I have had the same experience: learning on the job or from pet projects, I felt more comfortable with language documentation (and even the C++ spec) than books that re-hash the documentation and are often written with beginners in mind.
There are a few other exceptions, and what characterizes them is that they're not trying to teach a language or framework. An oft-cited example of that would be "The Pragmatic Programmer", but the one book I recommend most often is "Working Effectively with Legacy Code" by Michael C. Feathers, which is about testing. For C++ programmers, "C++ Coding Standards" by Herb Sutter and Andrei Alexandrescu is useful for working in a homogenous team.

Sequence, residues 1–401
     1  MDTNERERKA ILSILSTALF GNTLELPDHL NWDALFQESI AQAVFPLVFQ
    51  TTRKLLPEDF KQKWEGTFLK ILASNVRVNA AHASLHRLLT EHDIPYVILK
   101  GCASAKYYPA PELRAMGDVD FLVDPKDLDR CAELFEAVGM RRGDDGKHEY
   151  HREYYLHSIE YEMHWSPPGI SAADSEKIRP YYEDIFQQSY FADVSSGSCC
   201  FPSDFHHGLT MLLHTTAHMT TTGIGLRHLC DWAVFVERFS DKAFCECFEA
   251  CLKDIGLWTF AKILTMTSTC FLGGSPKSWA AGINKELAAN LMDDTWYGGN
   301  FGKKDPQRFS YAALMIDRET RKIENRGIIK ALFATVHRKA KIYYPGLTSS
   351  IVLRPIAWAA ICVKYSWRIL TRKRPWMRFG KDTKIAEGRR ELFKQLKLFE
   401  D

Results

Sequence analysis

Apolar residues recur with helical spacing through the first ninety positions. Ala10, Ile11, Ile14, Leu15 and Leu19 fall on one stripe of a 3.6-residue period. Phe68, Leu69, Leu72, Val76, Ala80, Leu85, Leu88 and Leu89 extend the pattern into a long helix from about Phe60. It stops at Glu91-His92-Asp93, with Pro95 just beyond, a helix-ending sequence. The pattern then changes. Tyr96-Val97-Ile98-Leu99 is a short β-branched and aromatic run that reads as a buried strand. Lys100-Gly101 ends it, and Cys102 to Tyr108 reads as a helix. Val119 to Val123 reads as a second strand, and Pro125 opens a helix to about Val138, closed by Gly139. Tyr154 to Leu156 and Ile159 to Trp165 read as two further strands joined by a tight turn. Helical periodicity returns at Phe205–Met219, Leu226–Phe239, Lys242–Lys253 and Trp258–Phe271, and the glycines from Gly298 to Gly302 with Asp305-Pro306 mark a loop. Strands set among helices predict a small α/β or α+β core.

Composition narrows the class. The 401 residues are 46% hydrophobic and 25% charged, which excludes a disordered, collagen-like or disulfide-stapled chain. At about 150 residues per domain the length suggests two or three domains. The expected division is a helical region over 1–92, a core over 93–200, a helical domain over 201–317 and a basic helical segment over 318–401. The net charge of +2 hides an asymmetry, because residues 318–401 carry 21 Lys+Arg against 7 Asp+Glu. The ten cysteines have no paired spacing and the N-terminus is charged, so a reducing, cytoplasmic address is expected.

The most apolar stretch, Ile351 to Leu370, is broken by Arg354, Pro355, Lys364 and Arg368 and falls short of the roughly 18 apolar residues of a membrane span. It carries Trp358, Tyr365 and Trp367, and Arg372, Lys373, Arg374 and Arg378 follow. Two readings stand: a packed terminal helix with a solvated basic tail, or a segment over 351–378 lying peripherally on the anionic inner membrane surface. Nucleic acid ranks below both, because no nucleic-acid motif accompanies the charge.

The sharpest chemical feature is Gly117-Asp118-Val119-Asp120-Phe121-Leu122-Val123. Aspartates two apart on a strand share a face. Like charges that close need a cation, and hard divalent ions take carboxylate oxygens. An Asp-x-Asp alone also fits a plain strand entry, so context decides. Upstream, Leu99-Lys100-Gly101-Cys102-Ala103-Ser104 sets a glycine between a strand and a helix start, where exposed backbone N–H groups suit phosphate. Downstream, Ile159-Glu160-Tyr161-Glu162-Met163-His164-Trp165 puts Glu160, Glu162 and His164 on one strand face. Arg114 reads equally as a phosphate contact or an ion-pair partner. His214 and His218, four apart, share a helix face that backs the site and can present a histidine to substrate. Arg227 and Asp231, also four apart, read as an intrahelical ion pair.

I have finished Working Effectively with Legacy Code" this year. It's a great book, especially for those who work with C++ or Java. It's less hands-on for a ruby developer (like me) but is still an interesting and useful read.
It doesn't really address any particular language, though? I'm a PHP developer, and it's fundamentally changed how I work.
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